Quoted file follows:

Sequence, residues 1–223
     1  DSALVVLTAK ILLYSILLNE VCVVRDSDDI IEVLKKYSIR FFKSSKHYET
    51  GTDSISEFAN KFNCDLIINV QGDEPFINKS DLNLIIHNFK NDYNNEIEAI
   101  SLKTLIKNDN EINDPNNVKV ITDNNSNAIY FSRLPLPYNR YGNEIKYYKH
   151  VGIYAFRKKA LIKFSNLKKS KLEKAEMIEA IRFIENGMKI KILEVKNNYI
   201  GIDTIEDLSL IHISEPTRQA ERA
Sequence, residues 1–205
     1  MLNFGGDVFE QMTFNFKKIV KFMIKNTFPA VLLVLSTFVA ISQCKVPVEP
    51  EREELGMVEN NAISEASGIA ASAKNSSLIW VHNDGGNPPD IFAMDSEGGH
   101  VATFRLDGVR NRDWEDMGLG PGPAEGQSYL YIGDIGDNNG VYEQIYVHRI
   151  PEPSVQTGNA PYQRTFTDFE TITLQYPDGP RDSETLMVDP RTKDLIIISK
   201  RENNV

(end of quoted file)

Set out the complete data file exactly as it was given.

Sequence, residues 1–223
     1  DSALVVLTAK ILLYSILLNE VCVVRDSDDI IEVLKKYSIR FFKSSKHYET
    51  GTDSISEFAN KFNCDLIINV QGDEPFINKS DLNLIIHNFK NDYNNEIEAI
   101  SLKTLIKNDN EINDPNNVKV ITDNNSNAIY FSRLPLPYNR YGNEIKYYKH
   151  VGIYAFRKKA LIKFSNLKKS KLEKAEMIEA IRFIENGMKI KILEVKNNYI
   201  GIDTIEDLSL IHISEPTRQA ERA
Sequence, residues 1–205
     1  MLNFGGDVFE QMTFNFKKIV KFMIKNTFPA VLLVLSTFVA ISQCKVPVEP
    51  EREELGMVEN NAISEASGIA ASAKNSSLIW VHNDGGNPPD IFAMDSEGGH
   101  VATFRLDGVR NRDWEDMGLG PGPAEGQSYL YIGDIGDNNG VYEQIYVHRI
   151  PEPSVQTGNA PYQRTFTDFE TITLQYPDGP RDSETLMVDP RTKDLIIISK
   201  RENNV